I've read that the invasion was scheduled for November. A typhoon came along that would have wrecked the fleet. I chew up and spit out the few who say we shouldn't have abombed Japan. These days I tell people that for the first time in human history, abombs guarantee that those who profit from war will be destroyed. That discourages rational people. Irrational people remain a problem.
My best to you.
Hi Tom, After the surrender ceremony in Tokyo, we helped sweep the inland sea. Still have vivid memories of that typhoon you mentioned. We lost almost 50 ships in it, small ones.Most just weren't worth fixing up. The storm blew them onto shoals. You couldn't see much more than a couple hundred feet. Waves up to 60 feet we were told. I believe them. We launched a whaleboat to pick up survivors. It was a volunteer mission. I wouldn't have volunteered if they told me they'd make me an admiral upon return. Never expected to see that whaleboat return. I was a Coxswain. My brother was on DD634, USS Doran. The 634 pulled into Kobe where we were docked. Went over & asked if my brother Jim was onboard . Gangway guy told me he'd gotten off at Hawaii & was states bound for discharge. Oh how those memories flood in !
@Tom - RE: "abombs guarantee that those who profit from war will be destroyed"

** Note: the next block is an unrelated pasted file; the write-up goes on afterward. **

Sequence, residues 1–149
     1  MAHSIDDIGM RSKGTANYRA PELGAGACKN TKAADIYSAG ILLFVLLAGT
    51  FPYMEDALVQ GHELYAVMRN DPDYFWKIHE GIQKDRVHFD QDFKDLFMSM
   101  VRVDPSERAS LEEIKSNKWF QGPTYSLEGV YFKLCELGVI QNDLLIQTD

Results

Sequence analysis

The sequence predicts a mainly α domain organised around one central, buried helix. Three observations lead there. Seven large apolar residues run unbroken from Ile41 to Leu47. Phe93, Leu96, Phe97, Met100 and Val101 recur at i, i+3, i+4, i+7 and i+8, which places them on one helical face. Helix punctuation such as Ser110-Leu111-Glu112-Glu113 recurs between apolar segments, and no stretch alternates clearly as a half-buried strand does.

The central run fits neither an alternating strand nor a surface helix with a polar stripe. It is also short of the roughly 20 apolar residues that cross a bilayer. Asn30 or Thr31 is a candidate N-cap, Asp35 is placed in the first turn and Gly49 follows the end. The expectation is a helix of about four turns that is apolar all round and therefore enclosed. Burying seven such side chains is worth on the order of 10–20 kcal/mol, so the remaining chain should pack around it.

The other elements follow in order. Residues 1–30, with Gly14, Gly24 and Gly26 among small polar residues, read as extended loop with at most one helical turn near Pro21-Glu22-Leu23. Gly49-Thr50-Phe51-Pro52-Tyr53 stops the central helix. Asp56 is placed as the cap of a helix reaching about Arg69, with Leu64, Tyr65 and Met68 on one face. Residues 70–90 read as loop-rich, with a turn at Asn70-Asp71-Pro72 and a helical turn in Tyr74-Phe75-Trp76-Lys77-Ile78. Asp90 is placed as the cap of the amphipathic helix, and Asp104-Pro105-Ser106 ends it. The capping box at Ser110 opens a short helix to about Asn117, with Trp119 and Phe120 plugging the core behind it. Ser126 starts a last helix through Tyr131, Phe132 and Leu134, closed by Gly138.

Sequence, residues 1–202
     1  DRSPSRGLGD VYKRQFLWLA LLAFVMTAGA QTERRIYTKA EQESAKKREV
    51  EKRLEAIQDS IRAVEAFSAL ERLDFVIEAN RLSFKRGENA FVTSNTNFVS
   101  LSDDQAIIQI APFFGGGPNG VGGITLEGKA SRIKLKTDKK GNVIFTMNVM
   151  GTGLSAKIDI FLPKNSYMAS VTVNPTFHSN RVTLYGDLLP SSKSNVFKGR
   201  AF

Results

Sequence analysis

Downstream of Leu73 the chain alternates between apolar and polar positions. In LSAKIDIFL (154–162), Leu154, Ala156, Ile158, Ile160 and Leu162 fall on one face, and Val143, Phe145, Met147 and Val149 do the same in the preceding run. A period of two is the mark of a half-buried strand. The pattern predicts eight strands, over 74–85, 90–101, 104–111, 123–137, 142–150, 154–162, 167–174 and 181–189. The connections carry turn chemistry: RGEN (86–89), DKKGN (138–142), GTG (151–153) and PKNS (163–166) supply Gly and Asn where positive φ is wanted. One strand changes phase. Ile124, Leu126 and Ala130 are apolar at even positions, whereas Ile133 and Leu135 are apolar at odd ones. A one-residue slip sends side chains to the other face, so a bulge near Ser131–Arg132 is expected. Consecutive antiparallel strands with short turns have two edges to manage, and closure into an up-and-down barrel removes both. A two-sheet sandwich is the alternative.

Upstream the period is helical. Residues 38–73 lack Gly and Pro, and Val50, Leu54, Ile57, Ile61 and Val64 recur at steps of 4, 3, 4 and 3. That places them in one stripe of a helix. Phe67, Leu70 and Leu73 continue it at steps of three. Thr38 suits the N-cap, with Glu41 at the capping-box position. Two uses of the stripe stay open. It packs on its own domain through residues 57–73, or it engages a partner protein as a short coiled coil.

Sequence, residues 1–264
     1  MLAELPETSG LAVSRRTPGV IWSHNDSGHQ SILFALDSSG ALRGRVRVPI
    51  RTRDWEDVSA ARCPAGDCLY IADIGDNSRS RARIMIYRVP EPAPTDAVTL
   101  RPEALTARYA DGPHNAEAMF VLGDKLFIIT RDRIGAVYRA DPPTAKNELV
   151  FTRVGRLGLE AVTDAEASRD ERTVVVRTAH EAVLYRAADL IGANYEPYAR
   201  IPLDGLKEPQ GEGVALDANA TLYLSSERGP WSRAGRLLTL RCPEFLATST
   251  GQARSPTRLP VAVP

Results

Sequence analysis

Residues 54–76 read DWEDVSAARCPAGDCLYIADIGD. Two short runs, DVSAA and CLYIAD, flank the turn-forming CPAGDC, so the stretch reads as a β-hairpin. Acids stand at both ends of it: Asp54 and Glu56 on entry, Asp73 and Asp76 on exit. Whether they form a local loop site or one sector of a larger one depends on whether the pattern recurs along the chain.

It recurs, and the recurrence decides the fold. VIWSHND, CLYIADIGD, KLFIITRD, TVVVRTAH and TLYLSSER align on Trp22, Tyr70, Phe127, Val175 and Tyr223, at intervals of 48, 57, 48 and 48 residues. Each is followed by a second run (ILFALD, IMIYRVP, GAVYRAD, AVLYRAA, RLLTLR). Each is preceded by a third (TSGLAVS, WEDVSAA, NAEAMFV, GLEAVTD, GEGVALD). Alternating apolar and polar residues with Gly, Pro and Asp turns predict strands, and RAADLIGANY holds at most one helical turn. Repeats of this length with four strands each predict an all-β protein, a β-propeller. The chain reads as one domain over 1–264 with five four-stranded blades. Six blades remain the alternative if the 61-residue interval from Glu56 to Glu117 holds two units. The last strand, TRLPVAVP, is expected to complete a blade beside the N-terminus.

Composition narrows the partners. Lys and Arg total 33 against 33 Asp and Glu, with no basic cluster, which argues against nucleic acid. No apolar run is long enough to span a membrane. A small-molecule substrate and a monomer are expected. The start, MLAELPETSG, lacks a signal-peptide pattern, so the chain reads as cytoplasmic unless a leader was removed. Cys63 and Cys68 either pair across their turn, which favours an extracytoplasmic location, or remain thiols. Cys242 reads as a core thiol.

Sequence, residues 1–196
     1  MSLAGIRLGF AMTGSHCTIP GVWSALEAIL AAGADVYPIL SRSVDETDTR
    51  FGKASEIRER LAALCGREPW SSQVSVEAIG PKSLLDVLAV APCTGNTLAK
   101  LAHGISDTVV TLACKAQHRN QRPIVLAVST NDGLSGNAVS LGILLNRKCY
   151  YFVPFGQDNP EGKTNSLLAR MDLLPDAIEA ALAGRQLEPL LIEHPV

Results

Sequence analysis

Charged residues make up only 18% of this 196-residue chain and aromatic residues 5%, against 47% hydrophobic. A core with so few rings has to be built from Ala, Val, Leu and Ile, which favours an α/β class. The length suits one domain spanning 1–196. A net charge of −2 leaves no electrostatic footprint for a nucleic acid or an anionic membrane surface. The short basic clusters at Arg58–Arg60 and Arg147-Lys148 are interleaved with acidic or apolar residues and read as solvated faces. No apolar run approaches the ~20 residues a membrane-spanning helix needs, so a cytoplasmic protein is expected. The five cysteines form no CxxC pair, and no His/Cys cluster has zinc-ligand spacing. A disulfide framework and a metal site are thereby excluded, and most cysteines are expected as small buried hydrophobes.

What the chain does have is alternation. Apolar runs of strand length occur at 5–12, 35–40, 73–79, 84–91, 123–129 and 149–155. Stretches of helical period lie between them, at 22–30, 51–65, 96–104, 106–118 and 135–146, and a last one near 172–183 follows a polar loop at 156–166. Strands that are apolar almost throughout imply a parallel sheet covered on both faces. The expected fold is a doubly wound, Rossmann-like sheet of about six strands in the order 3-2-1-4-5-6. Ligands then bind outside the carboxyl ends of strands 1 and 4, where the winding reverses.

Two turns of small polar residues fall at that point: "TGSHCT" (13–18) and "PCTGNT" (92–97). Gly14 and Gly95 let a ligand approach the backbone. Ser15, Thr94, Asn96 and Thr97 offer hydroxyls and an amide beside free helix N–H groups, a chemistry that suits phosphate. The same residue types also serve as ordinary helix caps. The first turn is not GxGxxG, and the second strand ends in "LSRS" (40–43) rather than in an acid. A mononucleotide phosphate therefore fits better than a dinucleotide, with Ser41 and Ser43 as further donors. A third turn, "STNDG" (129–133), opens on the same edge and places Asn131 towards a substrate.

What guarantees that those in America, who profit from war, will be destroyed?
Tom Sarbeck was kind enough to respond to my question (above) privately, rather than "embarrass me publicly," and while I appreciate his discretion, I don't feel I require the additional protection.
Tom Sarbeck has sent you a message on Think Atheist
Subject: American profit takers being destroyed
archaeopteryx, I'm feeling no need to embarrass you so I'll answer privately.
Your remarks about profit takers have persuaded me that you know little of sociopathy or psychopathy, both of which have recently been renamed to antisocial personality disorder. Do some web searching on those terms. In short, people with those illnesses lack empathy. Those who are not in prisons or mental hospitals can do very well in either business or politics.
What Tom fails to realize is that I have a background in psychology and am quite familiar with both the terms sociopathy and psychopathy, and hardly require the use of Wikipedia to refresh my memory. The one thing that Tom neglected to do, was answer my question.
Tom, you justified the use of the atomic bomb on both the cities of Hiroshima and Nagasaki, vaporizing untold thousands of women, children and the elderly, who took no active part in WWII, yet whose vaporized corpses joined with Earth's atmosphere, where doubtless, everyone on earth likely managed a breath or two of their essences. This, despite the fact that surrender talks were underway and there was no actual need to drop either bomb, except to show the world what our military capabilities were. Tom maintained that this action on our part, was necessary to, "guarantee that those who profit from war will be destroyed."